‘Rainwater harvesting should be made mandatory for developers’

Brotin Banerjee, CEO & MD,Tata Housing.

New Delhi, Aug. 30

India is the top-most groundwater abstracting country in the world, double that of China, says a recent UN report. With a fast-depleting water table, the Centre is trying hard to promote conservation through rainwater harvesting. But rainwater harvesting is yet to catch up across the country. Brotin Banerjee, CEO & MD, Tata Housing, tells Business Line in an e-mail interview that it is high time rainwater harvesting is made mandatory.

Are you in favour of rainwater harvesting being made mandatory for housing developers?

As demand for water is growing rapidly and most cities are facing a water crisis, rainwater harvesting should be made mandatory across the country. In fact, it should not only be made mandatory, there should also be stringent monitoring of adherence.

Rainwater harvesting has numerous benefits, as the technology is low-cost and it empowers individuals and communities to manage their water…. It also helps in improving the overall floral system, reduces the loss of top layer of the soil, and if water is captured directly, we need not depend much on storage dams.

The bottom line for customers is: rainwater harvesting helps reduce water bills, provides 24 hours water, translating into savings of up to 200 litres a family.

Should housing developers be incentivised or should this be part of the corporate social responsibility?

The ‘right to water’ relates to basic water needs for life, a fundamental right. Housing developers have a responsibility to ensure that this right is not denied to people. A responsible builder should take up rainwater harvesting as its corporate social responsibility. However, if some means of incentive are provided, a large number of small developers are likely to implement it.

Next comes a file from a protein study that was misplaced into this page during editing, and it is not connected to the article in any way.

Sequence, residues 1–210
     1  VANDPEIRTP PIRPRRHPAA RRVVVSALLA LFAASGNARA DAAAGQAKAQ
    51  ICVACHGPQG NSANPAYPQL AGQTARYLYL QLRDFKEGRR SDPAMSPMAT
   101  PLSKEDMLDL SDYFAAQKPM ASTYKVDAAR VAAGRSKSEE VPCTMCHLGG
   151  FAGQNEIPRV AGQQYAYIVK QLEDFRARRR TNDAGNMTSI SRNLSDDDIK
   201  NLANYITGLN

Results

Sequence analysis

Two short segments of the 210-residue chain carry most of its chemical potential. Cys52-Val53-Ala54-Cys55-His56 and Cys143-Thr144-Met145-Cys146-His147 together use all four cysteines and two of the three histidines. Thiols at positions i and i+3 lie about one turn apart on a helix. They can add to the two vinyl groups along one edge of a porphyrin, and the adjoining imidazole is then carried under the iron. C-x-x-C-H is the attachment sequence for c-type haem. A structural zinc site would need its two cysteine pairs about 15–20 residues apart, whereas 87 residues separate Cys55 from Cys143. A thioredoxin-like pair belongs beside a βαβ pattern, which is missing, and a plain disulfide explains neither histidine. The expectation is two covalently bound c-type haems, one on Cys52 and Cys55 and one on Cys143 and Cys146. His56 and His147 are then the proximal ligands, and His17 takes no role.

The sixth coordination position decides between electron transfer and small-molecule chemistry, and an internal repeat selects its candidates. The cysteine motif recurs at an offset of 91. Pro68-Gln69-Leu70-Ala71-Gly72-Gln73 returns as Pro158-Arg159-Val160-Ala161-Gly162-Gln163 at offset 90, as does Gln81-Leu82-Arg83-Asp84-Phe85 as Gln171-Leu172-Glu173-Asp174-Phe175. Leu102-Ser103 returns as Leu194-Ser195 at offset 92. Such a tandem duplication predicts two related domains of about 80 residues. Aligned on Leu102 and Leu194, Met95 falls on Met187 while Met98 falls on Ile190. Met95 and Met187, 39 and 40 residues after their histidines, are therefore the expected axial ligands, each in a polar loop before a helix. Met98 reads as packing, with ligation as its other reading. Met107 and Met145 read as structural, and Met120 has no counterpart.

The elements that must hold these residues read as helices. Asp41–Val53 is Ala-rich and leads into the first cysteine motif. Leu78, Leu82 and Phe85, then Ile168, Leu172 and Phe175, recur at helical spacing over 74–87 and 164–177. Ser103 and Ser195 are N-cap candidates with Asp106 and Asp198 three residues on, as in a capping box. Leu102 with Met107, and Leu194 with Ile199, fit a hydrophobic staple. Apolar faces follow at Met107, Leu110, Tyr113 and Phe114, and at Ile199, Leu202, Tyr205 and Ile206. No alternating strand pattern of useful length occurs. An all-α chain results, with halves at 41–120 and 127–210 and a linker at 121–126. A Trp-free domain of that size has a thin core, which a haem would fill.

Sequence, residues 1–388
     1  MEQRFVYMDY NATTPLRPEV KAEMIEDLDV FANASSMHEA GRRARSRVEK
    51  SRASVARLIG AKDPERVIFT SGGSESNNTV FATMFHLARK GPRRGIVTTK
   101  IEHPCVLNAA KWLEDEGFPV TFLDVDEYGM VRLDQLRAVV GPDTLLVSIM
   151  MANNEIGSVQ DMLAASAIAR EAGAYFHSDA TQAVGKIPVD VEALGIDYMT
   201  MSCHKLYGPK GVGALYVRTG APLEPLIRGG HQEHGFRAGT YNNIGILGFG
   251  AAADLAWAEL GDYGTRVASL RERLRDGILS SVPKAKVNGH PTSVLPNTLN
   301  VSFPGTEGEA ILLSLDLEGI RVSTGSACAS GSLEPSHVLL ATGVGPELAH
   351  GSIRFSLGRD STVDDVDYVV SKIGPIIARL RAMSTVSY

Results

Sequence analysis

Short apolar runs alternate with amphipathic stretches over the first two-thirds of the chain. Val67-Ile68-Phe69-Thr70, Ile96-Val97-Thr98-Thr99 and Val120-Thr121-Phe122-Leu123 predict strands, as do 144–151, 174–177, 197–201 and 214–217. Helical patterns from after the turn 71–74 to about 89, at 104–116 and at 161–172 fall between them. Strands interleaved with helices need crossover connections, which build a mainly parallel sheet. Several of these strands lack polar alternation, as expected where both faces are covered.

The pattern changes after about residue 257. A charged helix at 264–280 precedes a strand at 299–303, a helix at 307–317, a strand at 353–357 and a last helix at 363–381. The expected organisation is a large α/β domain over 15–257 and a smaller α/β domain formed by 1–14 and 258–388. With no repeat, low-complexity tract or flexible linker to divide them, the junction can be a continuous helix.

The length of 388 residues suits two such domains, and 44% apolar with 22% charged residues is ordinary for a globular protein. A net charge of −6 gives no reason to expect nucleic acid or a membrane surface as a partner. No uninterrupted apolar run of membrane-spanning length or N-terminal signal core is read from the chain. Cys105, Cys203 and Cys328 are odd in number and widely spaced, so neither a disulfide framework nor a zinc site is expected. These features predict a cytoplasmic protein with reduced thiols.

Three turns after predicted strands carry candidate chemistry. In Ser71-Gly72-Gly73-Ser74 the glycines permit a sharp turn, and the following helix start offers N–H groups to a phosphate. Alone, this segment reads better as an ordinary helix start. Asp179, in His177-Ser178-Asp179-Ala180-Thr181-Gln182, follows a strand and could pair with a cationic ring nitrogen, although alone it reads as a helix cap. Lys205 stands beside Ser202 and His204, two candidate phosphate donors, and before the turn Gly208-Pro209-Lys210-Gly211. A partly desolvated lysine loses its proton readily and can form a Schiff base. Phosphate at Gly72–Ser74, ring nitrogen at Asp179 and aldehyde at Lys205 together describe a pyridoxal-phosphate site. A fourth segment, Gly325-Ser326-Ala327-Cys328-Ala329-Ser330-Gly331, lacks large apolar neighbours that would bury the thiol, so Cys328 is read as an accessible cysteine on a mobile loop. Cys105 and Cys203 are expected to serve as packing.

What the cost difference between rooftop and ground rainwater harvesting?

When communities come together to harvest rain, the per capita investment goes down. However, rainwater harvesting methods are site-specific and hence it is difficult to give a generalised cost.

The major components — rain and catchment area — are free. So, a good proportion of expenses would be for pipe connections. By judicious fixing of roof slopes and location of rainwater outlets, this cost can be brought down.

Which system (roof or ground), according to you, is best suited to Indian weather and living conditions?

To make rainwater harvesting a success, thorough knowledge of the following is needed: geographic location, climate, geology, soil, land use, water requirements, existing water supply system, cost of water, and so forth. In urban areas, rainwater flows away as surface runoff, which can be caught and used for recharging aquifers. Rooftop harvesting is a system of collecting rainwater where it falls. It can either be stored in a tank or diverted to an artificial recharge system. This method is less expensive, very effective also the safest way to collect rainwater

With water and vector-borne diseases rampant in India, who should be responsible for maintenance of these catchments?

As the primary source, rainwater is the purest form of water. Harvesting it will not only solve the problem of availability, but also of quality. However, certain precautions need to be taken to ensure that the stored water is not polluted. Hence, everyone concerned should be involved in maintaining the catchments.

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Published on August 30, 2012

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